A statement from Jamia said the thermometer shows extremely quick response time of just about 300 milliseconds to register a change in temperature and it can return to its initial temperature value in as little as about 800 milliseconds.
Results of the study have been published in world famous journal Nanoscale Advances, the statement said.
“The device can find widespread applications in cryogenic temperature sensing. It performs remarkably well even in high temperature window as well. Owing to its high sensitivity, the device can provide highly accurate temperature measurements. In its miniaturized form, the device can be used as a thermometer in challenging environments such as living cells or microfluidic circuits,” said the statement.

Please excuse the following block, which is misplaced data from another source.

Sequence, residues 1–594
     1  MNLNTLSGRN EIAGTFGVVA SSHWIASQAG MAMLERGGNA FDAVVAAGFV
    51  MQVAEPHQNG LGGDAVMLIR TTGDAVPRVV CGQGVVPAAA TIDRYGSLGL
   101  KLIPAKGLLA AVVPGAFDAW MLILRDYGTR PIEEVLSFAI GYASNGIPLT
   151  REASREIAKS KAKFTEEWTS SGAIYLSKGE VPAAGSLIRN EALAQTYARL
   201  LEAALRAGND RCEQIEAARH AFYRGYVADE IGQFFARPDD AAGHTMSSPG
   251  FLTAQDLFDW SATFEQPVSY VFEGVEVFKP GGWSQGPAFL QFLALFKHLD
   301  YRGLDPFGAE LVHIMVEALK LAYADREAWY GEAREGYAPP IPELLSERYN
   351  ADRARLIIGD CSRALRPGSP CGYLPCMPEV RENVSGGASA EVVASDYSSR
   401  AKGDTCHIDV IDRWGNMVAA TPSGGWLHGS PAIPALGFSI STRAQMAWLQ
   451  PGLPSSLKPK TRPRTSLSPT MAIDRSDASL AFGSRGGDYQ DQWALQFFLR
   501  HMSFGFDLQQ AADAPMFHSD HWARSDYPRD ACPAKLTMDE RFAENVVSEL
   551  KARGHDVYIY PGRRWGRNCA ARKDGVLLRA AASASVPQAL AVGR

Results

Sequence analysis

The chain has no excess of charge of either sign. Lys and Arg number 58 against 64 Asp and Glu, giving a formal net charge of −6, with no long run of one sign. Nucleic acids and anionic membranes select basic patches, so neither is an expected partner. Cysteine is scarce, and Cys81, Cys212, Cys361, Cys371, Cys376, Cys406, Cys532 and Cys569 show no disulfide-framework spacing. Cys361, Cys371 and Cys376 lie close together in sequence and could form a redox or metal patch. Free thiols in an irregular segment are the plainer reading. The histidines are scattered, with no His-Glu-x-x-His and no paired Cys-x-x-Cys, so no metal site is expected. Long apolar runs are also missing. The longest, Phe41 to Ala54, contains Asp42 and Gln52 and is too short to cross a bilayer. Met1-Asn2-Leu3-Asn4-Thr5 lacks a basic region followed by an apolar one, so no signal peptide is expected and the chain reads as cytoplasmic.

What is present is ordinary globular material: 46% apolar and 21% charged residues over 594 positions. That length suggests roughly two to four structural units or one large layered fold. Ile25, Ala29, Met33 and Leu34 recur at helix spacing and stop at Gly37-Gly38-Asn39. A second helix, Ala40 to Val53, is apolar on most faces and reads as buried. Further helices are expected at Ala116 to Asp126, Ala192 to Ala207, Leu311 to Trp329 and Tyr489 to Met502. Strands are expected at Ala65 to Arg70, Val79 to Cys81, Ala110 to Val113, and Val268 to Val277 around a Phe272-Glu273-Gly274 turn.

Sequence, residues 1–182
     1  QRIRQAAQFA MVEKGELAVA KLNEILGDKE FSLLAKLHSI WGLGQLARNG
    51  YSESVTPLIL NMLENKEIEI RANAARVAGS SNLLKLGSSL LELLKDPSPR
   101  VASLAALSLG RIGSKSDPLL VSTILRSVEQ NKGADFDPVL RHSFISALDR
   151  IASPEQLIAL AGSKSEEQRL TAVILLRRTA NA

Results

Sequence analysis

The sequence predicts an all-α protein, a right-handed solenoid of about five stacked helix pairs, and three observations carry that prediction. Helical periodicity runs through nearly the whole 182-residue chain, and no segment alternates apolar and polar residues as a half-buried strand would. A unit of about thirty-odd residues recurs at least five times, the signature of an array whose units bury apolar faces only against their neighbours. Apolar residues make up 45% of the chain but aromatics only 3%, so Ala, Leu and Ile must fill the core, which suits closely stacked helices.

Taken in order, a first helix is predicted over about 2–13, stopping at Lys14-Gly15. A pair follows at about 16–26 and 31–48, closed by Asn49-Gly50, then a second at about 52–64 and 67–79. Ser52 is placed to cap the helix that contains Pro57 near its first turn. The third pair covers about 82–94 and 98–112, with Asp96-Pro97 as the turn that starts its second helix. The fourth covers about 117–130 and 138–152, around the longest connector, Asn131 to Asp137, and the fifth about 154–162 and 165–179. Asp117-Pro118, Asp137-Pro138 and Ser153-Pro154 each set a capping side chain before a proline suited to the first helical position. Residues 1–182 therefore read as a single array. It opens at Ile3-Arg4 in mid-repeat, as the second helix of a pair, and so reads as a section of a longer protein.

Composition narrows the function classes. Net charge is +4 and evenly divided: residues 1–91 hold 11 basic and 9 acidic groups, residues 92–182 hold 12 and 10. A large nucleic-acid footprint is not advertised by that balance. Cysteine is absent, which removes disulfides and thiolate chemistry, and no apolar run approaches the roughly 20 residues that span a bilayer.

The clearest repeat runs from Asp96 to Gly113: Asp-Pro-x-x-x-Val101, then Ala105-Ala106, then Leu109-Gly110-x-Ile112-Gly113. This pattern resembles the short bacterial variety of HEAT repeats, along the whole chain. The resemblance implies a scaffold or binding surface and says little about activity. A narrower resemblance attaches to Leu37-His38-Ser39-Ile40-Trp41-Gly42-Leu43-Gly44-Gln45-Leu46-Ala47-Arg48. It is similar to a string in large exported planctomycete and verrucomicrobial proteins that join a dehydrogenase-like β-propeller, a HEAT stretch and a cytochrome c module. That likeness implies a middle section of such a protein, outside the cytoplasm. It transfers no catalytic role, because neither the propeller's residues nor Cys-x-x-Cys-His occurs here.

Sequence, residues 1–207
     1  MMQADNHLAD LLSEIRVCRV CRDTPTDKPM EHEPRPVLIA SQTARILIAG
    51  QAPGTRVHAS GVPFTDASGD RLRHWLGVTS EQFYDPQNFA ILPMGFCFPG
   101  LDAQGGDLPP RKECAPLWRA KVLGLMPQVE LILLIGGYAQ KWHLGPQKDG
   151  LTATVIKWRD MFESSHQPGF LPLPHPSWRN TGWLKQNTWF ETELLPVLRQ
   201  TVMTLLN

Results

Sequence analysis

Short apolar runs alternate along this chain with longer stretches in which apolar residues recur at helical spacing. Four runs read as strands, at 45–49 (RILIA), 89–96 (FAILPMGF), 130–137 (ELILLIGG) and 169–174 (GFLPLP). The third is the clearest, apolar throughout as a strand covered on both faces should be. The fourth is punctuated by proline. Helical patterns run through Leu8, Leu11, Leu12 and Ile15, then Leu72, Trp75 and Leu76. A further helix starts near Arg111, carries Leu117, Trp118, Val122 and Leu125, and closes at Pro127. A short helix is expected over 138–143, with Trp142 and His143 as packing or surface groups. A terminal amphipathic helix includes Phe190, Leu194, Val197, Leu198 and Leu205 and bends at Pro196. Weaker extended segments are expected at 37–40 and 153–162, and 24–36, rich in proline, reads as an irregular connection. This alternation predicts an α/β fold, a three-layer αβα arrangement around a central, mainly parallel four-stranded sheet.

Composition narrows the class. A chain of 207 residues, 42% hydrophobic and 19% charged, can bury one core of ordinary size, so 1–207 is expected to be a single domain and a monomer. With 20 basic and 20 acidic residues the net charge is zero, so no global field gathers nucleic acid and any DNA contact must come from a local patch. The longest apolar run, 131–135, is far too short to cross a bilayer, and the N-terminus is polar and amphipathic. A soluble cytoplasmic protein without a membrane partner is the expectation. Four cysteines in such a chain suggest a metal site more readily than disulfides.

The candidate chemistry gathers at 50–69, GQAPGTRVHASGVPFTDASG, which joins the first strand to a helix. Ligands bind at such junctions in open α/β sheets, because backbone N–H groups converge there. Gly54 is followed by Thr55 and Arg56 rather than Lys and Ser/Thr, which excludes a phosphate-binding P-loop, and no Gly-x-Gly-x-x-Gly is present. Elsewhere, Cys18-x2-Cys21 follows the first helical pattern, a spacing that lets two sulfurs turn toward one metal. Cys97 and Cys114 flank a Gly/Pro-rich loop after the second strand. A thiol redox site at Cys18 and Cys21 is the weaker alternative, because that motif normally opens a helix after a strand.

Although the quantum thermometer presented in this study is in research phase, the team, that also comprises Poonam Sehrawat and Abid, is working on making prototype of this thermometer to be used in electronic devices, as on-chip thermometers which do not even require calibrations because of linear sensitivity plot in both cryogenic as well as high temperature ranges.
Commenting on the work, Prof Islam said “We could not test the device below 12K due to the limitation of experimental setup, but by looking at the sensor parameters, this device can be expected to work in sub- 0K temperatures as well”.